Reconciliation  for northern republicanism is conditioned by the requirement of a narrative which assumes the inevitability of Irish unity and therefore has to work all the harder to be trusted.

Whatever is felt about 1916 and the necessity of a national myth which all nations share, Irish nationalism as a whole needs to  continue widening its view of traditions, including the treatment of Protestants in the 20th century, to have any hope of reconciling a significant minority of the north to unity. And it needs to do so regardless.

There are  more than enough opportunities for developing  reconciliation  through the structures  of the Good Friday Agreement. The human rights machinery created in the Agreement  has  built up more pressure  for a less sectarian  society  than anything said or done by  the  political parties. Politics is still the default for insecurity rather than the hope of progress.   To be fair, through mayoral and other examples of office rotation such as the Assembly Speakership, both sides have shown they can offer public gestures.   A good deal of institutional reconciliation has been achieved already. Between the states it’s a living reality. But overall, the communal politics of the North have yet to catch up.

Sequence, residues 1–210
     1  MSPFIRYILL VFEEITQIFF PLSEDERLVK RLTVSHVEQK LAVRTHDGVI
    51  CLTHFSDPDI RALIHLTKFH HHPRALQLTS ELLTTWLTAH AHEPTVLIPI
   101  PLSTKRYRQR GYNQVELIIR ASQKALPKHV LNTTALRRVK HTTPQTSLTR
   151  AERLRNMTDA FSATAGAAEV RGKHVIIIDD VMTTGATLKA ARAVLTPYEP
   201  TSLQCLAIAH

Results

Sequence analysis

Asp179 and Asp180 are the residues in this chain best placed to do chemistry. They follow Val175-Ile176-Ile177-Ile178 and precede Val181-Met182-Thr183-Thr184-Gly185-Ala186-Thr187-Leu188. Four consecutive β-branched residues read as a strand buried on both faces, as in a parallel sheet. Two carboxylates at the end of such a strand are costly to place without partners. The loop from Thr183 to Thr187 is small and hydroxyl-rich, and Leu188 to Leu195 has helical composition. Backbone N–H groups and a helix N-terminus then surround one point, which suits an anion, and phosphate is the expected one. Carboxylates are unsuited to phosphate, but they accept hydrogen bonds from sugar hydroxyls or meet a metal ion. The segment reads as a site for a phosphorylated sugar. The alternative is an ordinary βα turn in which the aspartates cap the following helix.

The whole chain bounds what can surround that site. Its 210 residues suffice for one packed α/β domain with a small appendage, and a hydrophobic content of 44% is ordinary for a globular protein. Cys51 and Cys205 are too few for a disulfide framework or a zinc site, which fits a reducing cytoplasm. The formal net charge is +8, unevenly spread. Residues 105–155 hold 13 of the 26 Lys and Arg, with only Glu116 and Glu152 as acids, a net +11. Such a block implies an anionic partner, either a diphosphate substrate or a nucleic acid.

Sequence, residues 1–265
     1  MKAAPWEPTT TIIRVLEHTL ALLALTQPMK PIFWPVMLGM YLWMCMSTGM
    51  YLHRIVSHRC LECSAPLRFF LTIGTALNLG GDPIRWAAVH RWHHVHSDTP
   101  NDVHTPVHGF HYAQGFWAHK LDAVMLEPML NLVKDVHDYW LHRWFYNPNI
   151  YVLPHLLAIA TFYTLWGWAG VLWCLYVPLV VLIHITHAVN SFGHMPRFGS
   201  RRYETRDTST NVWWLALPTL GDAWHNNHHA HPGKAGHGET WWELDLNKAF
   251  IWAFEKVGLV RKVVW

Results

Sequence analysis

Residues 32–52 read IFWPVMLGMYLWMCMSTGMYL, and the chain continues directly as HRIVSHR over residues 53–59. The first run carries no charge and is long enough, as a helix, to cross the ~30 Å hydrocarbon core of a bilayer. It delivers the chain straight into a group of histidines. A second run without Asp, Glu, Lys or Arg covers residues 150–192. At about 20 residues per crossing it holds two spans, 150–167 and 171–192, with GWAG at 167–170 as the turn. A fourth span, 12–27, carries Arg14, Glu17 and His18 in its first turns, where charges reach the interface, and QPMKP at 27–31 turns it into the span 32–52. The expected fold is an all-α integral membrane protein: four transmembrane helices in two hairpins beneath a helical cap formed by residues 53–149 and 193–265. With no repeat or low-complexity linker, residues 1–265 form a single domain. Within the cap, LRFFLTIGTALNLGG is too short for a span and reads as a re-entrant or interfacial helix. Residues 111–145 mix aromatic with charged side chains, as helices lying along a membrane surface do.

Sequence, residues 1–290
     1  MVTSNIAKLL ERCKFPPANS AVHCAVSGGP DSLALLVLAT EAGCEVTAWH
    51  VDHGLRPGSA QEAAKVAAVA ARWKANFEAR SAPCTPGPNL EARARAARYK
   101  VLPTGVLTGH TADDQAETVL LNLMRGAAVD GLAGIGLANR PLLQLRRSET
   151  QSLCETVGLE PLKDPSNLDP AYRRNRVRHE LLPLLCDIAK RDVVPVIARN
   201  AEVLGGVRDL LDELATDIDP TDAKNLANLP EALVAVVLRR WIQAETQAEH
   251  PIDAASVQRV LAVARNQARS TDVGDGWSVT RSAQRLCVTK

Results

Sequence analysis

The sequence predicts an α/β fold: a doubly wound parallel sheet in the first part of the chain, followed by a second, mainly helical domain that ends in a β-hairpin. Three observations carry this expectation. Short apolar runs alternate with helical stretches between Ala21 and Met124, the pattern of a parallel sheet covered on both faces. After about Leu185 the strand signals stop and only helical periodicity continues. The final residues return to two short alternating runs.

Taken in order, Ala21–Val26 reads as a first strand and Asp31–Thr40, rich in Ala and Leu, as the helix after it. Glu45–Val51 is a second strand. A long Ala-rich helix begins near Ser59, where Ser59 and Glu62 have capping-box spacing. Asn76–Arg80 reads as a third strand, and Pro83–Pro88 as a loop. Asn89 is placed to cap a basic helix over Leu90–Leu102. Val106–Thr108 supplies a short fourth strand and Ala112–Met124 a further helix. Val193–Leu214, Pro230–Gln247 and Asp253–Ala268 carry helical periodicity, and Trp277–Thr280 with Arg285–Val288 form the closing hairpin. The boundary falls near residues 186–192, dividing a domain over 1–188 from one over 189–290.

Rival narratives about the past are  embedded in verbal concrete. The Troubles legacy is still couched in terms of justification for the armed struggle versus the reluctance of the state to admit that wrongdoing was anything other than aberrations under pressure. Confession time all round is at best a distant prospect and may have to wait until we are all safely dead.

Heresy though it may be to those who believe that healing is remembering, it is surely obvious that the present and the future cannot wait on reconciliation about the past.  However much  it can be  promoted by state support and innumerable private contacts,  human reconciliation  is ultimately a private matter.

The concept of the peace process should be succeeded by a drive on policy development. Civil society which largely opts out of political involvement needs to find its voices.  Do we want an integrated society or not? This is the sort of debate we should be having. Such reconciliation as is available will follow in its wake.

Former BBC journalist and manager in Belfast, Manchester and London, Editor Spolight; Political Editor BBC NI; Current Affairs Commissioning editor BBC Radio 4; Editor Political and Parliamentary Programmes, BBC Westminster; former London Editor Belfast Telegraph. Hon Senior Research Fellow, The Constitution Unit, Univ Coll. London